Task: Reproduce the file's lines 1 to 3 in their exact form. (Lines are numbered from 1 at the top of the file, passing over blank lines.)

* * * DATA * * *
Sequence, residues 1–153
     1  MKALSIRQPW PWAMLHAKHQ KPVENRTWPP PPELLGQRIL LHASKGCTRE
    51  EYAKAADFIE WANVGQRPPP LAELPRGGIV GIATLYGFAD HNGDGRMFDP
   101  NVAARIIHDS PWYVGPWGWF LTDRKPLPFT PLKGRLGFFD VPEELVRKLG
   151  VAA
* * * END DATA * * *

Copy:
Sequence, residues 1–153
     1  MKALSIRQPW PWAMLHAKHQ KPVENRTWPP PPELLGQRIL LHASKGCTRE
    51  EYAKAADFIE WANVGQRPPP LAELPRGGIV GIATLYGFAD HNGDGRMFDP